Reassuring the Reluctant Warriors

by Stefano Recchia (Author)
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Why did American leaders work hard to secure multilateral approval from the United Nations or NATO for military interventions in Haiti, the Balkans, and Libya, while making only limited efforts to gain such approval for the 2003 Iraq War? In Reassuring the Reluctant Warriors, Stefano Recchia addresses this important question by drawing on declassified documents and about one hundred interviews with civilian and military leaders.The most assertive, hawkish, and influential civilian leaders, he argues, tend to downplay the costs of intervention, and when confronted with hesitant international partners they often want to bypass multilateral bodies. America's top-level generals, by contrast, are usually "reluctant warriors" who worry that intervention will result in open-ended stabilization missions; consequently, the military craves international burden sharing and values the potential exit ramp for U.S. forces that a handoff to the UN or NATO can provide.Recchia demonstrates that when the military speaks up and clearly expresses its concerns, even strongly pro-intervention civilian leaders can be expected to work hard to secure UN or NATO approval—if only to reassure the military about the likelihood of sustained burden sharing. Conversely, when the military stays silent, as it did in the run-up to the 2003 Iraq War, bellicose civilian leaders are empowered; the United States is then more likely to bypass multilateral bodies, and it may end up carrying a heavy stabilization burden largely by itself. Recchia's argument that the military has the ability to contribute not only to a more prudent but also to a more multilateralist U.S. intervention policy may be counterintuitive, but the evidence is compelling.

Why did American leaders work hard to secure multilateral approval from the United Nations or NATO for military interventions in Haiti, Bosnia, and Kosovo, while making only limited efforts to gain such approval for the 2003 Iraq War? In Reassuring the Reluctant Warriors, Stefano Recchia draws on declassified documents and about one hundred interviews with civilian and military leaders to illuminate little-known aspects of U.S. decision making in the run-up to those interventions. American leaders, he argues, seek UN or NATO approval to facilitate sustained military and financial burden sharing and ensure domestic support. However, the most assertive, hawkish, and influential civilian leaders in Washington tend to downplay the costs of intervention, and when confronted with hesitant international partners they often want to bypass multilateral bodies. In these circumstances, America’s senior generals and admirals—as reluctant warriors who worry about Vietnam-style quagmires—can play an important restraining role, steering U.S. policy toward multilateralism.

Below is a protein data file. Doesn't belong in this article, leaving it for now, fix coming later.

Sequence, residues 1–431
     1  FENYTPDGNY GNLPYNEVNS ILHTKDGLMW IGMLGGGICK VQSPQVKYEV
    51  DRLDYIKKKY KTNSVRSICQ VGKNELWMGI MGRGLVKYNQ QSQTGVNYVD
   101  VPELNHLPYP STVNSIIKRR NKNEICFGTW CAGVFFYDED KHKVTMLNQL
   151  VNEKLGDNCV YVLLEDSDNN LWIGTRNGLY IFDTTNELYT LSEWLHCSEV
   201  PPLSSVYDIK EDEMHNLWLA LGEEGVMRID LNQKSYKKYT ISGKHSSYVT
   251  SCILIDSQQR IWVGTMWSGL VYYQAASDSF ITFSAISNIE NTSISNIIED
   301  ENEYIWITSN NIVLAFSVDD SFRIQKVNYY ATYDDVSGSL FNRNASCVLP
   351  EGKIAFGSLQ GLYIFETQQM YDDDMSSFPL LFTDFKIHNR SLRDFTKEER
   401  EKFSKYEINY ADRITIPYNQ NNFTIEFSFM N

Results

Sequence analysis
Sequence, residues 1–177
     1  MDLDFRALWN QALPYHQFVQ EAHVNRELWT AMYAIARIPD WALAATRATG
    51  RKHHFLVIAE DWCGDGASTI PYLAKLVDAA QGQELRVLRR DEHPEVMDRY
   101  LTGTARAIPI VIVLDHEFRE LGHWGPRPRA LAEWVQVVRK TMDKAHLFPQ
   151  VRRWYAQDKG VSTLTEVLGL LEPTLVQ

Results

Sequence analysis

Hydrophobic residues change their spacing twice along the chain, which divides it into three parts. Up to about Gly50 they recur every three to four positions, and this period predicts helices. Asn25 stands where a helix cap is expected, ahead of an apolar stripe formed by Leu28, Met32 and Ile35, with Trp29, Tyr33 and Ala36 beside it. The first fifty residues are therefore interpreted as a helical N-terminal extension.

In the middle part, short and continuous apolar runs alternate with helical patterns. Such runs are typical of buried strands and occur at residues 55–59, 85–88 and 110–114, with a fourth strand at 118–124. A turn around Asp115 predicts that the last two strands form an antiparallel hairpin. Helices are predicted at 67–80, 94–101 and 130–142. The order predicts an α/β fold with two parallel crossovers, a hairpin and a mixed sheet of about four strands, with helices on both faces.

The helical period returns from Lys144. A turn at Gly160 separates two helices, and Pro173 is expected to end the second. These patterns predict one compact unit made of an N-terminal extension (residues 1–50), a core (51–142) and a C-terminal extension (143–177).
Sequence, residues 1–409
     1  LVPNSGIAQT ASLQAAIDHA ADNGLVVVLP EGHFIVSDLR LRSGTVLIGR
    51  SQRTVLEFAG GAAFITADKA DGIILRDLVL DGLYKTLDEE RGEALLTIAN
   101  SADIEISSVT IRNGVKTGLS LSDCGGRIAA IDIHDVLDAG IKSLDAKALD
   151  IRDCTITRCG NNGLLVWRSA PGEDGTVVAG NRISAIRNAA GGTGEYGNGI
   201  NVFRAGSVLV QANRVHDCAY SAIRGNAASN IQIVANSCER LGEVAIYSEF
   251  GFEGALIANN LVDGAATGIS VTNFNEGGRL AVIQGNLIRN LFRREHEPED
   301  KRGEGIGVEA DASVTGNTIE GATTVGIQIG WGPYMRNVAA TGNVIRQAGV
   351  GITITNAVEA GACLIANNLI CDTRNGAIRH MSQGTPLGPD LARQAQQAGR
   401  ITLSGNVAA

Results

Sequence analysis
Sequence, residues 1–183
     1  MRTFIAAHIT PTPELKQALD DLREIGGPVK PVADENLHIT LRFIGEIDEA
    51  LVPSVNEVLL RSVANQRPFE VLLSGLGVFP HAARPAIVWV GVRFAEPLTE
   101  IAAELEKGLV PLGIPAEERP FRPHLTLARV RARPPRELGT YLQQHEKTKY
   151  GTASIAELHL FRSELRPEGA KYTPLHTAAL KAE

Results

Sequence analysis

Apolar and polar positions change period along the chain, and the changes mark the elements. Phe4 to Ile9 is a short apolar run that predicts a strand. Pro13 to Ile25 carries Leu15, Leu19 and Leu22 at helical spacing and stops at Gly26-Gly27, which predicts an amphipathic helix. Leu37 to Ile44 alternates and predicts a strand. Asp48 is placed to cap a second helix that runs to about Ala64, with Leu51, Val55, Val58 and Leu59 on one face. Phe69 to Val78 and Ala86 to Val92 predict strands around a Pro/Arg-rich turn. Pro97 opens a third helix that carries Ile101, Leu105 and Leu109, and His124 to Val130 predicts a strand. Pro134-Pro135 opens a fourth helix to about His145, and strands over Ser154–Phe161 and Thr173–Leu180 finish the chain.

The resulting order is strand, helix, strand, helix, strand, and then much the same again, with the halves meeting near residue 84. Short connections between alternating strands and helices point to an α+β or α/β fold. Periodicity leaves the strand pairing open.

Senior military officers are well placed to debunk the civilian interventionists’ optimistic assumptions regarding the costs of war, thereby undermining broader governmental support for intervention. Recchia demonstrates that when the military expresses strong concerns about the stabilization burden, even hawkish civilian leaders can be expected to work hard to secure multilateral support through the UN or NATO—if only to reassure the reluctant warriors about long-term burden sharing. By contrast, when the military stays silent, as it did in the run-up to the 2003 Iraq War, the most hawkish civilians are empowered; consequently, the United States is more likely to bypass multilateral bodies and may end up shouldering a heavy stabilization burden largely by itself. Recchia’s argument that the military has the ability to contribute not only to a more prudent but also to a more multilateralist U.S. intervention policy may be counterintuitive, but the evidence is compelling.

Publication date
September 04, 2015
Publisher
Collection
Page count
296
ISBN
9781501701542
Paper ISBN
9780801452918